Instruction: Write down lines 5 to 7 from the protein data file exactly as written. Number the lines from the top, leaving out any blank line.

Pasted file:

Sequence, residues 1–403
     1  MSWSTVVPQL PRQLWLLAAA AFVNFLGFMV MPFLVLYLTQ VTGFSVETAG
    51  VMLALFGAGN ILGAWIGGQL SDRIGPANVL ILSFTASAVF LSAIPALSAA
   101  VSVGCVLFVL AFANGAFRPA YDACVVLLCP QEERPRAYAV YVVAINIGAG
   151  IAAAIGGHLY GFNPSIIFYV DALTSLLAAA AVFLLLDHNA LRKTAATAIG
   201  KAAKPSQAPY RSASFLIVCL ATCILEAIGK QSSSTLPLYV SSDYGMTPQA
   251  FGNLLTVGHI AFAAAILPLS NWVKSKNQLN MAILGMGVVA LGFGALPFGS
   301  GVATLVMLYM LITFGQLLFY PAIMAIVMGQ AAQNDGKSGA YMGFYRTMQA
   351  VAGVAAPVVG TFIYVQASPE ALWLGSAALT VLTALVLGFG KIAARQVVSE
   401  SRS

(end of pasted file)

   151  IAAAIGGHLY GFNPSIIFYV DALTSLLAAA AVFLLLDHNA LRKTAATAIG
   201  KAAKPSQAPY RSASFLIVCL ATCILEAIGK QSSSTLPLYV SSDYGMTPQA
   251  FGNLLTVGHI AFAAAILPLS NWVKSKNQLN MAILGMGVVA LGFGALPFGS